The Top 6 Mistakes Made by Beginning Adult Cello Players

There are a number of issues I see over and over with beginning adult cello players. So, I decided to share this list with you in the hopes of helping you understand why some things seem so difficult, and how to fix these issues.

These are the top 6 mistakes made by beginning adult cello players (and tips on how to fix them).

When you watch the video above or read the items below, you may may recognize this to be true for you. Don’t fret because you have plenty of time to remedy your troubles. Good to do it now, and before you get overly frustrated or consider quitting. Don’t quit! Stay with it  – learning an instrument as an adult has unlimited benefits.


The wrong size instrument

I can’t stress that enough. A lot of people play on an instrument that is too large. A smaller instrument is easier to play. In fact, I think it’s the best kept secret among cellists. You have to be on an equal playing field to make real progress. Think about it… large people with large hands have a substantial advantage over smaller people with smaller hands. You can always size up an instrument later on, but the frustration you will encounter as a beginner -(on a cello which is too big) might be something you can’t overcome. And if you think this might be the case for you – go try a smaller cello. If you’ve been placed on a full size cello but you are struggling with the left hand stretch, give a 7/8 cello a try. If you are a REALLY small person, you might even try a 3/4 cello. If you get a high-quality rental, you will be quite happy with the outcome. I virtually never have anyone come back to a lesson and tell me they don’t like the smaller instrument. Quite the opposite. Most everyone comes back  to a lesson to tell me how much easier it is to play a smaller cello.  And that is why this issue is my #1.


Improper bow hold. 

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This is a tricky one. It’s tricky because there is a basic bow hold that we all learn, but there are variances of the bow hold. In reality, you are not really holding the bow – you just have weight on the bow and you are guiding the direction it is going. Try to always think about the bow as an extension of your arm and hand (a really long extension) and feel the good stick of the the hair when it touches the string throughout ALL of your right arm and hand. The bow hold starts in the back and the shoulder.  If your shoulder and your elbow are to high, you are in essence cutting off all the natural weight which needs to go into the bow hair.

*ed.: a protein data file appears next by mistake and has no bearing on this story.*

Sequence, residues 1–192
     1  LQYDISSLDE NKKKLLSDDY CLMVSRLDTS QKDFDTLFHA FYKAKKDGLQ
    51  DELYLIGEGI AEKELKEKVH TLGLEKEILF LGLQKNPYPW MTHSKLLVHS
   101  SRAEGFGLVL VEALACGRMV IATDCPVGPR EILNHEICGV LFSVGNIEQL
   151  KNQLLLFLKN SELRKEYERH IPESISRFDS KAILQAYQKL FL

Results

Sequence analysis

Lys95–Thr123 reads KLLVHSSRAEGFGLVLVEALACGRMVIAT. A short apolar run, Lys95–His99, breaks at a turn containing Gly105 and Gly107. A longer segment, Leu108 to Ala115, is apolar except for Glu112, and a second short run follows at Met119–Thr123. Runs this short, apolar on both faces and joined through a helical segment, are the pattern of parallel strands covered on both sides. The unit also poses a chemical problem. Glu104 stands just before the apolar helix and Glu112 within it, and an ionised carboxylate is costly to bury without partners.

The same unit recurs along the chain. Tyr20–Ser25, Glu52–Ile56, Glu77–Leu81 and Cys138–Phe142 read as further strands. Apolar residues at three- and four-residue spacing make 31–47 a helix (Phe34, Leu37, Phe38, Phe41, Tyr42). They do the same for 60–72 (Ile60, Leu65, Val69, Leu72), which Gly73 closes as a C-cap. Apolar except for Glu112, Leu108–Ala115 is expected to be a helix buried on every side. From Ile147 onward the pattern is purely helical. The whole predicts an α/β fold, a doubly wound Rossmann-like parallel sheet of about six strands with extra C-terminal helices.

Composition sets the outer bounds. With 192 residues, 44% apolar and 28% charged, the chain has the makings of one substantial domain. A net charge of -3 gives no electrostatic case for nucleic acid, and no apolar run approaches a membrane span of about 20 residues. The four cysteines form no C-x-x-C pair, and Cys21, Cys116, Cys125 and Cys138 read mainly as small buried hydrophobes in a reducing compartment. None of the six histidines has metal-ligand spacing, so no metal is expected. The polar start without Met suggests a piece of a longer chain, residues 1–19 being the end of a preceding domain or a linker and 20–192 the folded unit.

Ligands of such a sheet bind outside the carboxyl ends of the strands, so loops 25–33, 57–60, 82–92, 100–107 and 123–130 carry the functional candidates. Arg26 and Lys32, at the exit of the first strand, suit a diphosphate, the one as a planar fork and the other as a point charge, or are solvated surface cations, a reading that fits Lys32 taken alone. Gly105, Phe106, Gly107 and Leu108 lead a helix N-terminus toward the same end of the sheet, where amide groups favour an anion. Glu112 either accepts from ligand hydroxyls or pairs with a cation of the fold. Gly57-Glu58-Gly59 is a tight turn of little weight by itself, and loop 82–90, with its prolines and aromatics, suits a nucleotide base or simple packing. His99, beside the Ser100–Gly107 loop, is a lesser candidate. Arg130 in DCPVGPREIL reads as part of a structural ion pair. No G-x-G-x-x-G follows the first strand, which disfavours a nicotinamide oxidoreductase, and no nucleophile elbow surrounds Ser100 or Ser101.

Flexibility with the bow hand is also crucial. That is where much of the nuance in the playing comes from. If you watch a little kid wave, they wave with a relaxed, flexible wrist. That is the natural way the wrist wants to move. Same is true of the bow hold. Allow the wrist to be flexible. You really can’t get a smooth bow change without a flexible wrist. A correct bow hold takes constant practice. I think I had to re-learn it about three times throughout my formative years. But eventually, I understood. 


Too much tension in the body. 

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Again, this is a tricky one because as a new cellist you have tension. It’s not natural yet. It’s awkward.  But just like you can learn to have the bow become an extension of your arm, you can learn to have the cello become an extension of your body.  If the cello has been set up correctly on you, you will already be one step ahead. You are in a good position to becoming more relaxed with your cello. There are a couple techniques which I believe help us become aware of a more relaxed body. The first is all about breathing. When you inhale, breath in deeply and let your arms and shoulders rise. When you exhale, exhale deeply and let your shoulders arms fall as low as you can get them. You can also massage your arms and hands. Who doesn’t love a massage? Just squeeze the muscles all up and down your forearms for a minute or so and feel how much more relaxed you will be.

I always have my beginners do the cello hug. The cello hug is a great indicator of whether your cello is placed correctly on your body. Simply cross your arms and put your hands on the upper part of the C-bout. Gently rock back and forth by swaying and lifting one ankle and then the next.  Breath deeply while doing this.


Attempting to make progress without the use of a metronome.